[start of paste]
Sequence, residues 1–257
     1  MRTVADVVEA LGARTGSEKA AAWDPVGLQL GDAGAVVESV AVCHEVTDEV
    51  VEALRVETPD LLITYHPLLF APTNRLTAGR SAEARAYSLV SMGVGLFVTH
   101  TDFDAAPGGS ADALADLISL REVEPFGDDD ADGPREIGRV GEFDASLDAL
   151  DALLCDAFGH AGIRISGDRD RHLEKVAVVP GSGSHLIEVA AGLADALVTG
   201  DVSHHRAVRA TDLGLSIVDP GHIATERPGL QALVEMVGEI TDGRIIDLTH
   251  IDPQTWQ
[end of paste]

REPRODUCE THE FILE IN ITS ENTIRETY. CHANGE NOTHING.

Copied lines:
Sequence, residues 1–257
     1  MRTVADVVEA LGARTGSEKA AAWDPVGLQL GDAGAVVESV AVCHEVTDEV
    51  VEALRVETPD LLITYHPLLF APTNRLTAGR SAEARAYSLV SMGVGLFVTH
   101  TDFDAAPGGS ADALADLISL REVEPFGDDD ADGPREIGRV GEFDASLDAL
   151  DALLCDAFGH AGIRISGDRD RHLEKVAVVP GSGSHLIEVA AGLADALVTG
   201  DVSHHRAVRA TDLGLSIVDP GHIATERPGL QALVEMVGEI TDGRIIDLTH
   251  IDPQTWQ